Sunday, March 6, 2011 at 11:48AM
You know, the recent article and interview with Phil Collins in Rolling Stone sounds like the ramblings of a man who is just burned out.
The one thing that CANNOT be denied is that Phil Collins is one of the most creative, inventive, clever musicians and showmen of the last 30 years. He created sounds and conventions that have become de rigueur in the rock....hell, the music lexicon.
Listen to the first Genesis Live album - the one with Watcher of the Skies - and listen to his subtleties as a drummer. It's stuff thats there - and not there - at the same time. Meaning that it's so subtle that you don't even register it, but if you were to take it out of the mix, you'd TOTALLY miss it. Not to mention the fact that he was the primary second voice on all the Peter Gabriel Genesis recordings. Once again - there, but not there at the same time. If you took that voice away, those recordings would have a VERY different character. Very different. Many were surprised when he became the front man after Peter Gabriel. It wasn't until WAY after I had dug into the Genesis recordings (and believe me, I have dug in) that his background singing became so apparent to me on the Gabriel/Genesis recordings. If you listen to the remixed boxed sets, it REALLY becomes apparent.
And the drumming. Yes. the drumming. Long having been one of my favorites, he always played with taste, restraint, and drama. I will miss him as a drummer. He was way deeper than many of the rock drummers of the time - or in history for that matter - in that he could switch over to his jazz project Brand X at will. He had the chops and the desire, why not stretch out?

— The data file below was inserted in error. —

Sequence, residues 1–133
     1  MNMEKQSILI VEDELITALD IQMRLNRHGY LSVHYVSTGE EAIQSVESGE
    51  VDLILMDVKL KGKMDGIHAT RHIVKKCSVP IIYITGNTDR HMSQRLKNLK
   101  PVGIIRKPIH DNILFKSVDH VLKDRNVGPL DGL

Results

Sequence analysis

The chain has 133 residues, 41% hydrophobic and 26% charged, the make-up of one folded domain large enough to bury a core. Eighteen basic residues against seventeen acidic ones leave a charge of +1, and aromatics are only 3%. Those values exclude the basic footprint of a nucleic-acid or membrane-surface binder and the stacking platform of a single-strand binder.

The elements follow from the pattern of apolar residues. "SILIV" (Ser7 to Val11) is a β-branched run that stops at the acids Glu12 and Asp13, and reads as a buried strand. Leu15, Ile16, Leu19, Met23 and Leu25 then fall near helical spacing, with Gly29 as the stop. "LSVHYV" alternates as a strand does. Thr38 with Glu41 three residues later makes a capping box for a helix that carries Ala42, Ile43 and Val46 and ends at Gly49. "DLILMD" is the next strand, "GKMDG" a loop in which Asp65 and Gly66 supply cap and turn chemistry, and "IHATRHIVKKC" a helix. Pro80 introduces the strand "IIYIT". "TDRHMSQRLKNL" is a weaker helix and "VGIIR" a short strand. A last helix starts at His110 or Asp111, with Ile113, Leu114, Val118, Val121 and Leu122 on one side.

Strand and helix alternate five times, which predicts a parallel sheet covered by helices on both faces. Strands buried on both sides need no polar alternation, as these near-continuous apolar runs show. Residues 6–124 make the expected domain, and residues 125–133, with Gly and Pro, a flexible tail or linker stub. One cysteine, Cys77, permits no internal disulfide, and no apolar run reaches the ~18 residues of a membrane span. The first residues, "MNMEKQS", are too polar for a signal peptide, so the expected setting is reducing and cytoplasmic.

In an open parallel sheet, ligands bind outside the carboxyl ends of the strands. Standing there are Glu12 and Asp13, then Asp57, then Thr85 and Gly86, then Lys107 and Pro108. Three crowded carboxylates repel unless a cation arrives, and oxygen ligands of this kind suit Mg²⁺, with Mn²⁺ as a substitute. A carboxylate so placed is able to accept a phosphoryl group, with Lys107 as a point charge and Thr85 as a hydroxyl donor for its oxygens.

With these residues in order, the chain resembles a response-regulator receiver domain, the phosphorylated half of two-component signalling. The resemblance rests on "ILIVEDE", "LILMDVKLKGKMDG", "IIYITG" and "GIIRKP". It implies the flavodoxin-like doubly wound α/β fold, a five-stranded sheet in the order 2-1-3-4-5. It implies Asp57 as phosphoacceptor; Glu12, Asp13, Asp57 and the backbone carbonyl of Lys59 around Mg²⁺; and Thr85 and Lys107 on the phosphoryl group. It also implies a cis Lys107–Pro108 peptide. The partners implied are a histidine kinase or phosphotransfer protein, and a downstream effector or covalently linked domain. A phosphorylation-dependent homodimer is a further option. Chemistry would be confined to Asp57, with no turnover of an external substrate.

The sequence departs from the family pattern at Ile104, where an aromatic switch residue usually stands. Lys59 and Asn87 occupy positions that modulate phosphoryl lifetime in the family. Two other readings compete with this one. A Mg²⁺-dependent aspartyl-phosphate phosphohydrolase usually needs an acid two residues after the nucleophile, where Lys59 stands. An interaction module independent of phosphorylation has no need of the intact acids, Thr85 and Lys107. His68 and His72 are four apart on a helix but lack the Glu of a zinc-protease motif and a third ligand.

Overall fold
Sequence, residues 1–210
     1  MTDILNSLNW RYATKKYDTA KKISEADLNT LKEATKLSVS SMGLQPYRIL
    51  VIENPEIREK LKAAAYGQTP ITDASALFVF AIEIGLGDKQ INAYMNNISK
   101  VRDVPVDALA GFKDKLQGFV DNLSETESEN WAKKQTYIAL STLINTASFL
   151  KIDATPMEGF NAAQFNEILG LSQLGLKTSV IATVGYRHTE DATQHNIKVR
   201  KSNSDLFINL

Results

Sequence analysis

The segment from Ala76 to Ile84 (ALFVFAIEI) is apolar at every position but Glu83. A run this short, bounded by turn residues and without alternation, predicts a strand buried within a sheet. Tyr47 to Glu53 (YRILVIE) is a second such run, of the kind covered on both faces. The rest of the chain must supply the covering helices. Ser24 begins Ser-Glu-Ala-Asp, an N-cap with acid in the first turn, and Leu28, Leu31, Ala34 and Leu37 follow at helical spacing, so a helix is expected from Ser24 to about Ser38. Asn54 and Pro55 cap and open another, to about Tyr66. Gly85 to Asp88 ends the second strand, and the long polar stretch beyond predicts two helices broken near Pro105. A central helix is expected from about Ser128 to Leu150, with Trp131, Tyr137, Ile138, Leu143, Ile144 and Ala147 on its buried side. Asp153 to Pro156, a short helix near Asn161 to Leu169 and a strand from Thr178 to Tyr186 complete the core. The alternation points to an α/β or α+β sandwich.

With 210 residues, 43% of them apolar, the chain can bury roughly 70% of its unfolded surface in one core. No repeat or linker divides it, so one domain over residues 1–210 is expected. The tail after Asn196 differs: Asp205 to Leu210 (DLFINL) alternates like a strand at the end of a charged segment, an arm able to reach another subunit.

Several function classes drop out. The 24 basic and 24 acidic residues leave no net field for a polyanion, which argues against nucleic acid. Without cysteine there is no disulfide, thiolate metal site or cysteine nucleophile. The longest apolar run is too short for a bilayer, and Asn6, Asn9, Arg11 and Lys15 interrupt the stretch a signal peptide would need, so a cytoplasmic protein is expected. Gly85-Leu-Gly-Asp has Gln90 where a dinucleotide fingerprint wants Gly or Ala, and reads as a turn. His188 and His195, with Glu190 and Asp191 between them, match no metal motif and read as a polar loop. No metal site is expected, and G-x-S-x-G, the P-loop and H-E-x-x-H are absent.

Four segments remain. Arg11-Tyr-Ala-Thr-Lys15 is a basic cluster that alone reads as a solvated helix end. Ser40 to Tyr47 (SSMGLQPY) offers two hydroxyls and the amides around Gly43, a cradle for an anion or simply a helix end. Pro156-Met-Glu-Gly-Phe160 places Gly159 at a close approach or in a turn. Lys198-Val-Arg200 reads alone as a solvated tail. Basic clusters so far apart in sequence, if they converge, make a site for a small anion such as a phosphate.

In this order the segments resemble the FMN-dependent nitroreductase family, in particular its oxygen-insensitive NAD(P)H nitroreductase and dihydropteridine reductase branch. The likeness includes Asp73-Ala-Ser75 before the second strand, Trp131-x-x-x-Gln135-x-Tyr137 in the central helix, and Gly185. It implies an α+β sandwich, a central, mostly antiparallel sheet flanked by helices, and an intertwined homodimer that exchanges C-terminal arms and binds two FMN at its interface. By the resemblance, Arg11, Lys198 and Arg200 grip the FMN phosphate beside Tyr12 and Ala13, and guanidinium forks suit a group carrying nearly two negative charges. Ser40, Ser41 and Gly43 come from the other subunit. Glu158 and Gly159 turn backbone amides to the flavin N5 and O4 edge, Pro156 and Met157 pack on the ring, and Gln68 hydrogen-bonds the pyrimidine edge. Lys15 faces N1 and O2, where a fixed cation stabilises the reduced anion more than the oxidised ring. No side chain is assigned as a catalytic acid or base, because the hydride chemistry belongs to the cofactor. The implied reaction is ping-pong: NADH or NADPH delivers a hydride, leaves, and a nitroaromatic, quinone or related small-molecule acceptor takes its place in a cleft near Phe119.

That was kind of his mantra. I can do it, why NOT do it? I like it, why not do it? I have a ton of respect for an artist that goes outside his comfort zone. It's one thing to do it in private - to be a jazz fan and play in your basement - it's another thing entirely to put a stake in the ground and proclaim it publicly and then make a record of it so it can go on into the future. That takes balls.
It takes a lot of restraint to have the chops to play jazz, yet pull back and be part of the band when he was in Genesis.
I, like a lot of the fans wasn't happy when Genesis took the turn to pop, but it WAS kind of a necessary evil. Why shouldn't they/he cash in? I'm just disappointed that they didn't do any side projects or artistically challenging records anymore.
When it was the anniversary of Lamb Lies down, I wrote a treatment for The Carpet Crawlers, and I designed it so that Gabriel and Collins would both star in the video as different incarnations or renderings of Rael. It never got made unfortunately. But I ramble from the main topic....Mr Collins.
He will be missed if he goes underground. And publicly he says, "he doesn't miss drumming at all", but I call bullshit. If he gets his grip back, you can bet your ass that he will be back and hitting the drums harder a and with more finesse than ever.
Music - actually playing music - is a fire that CAN NOT be extinguished once it grabs hold of you. Here's hoping Phil Collins gets his grip back.
Godspeed to you Phil. Godspeed.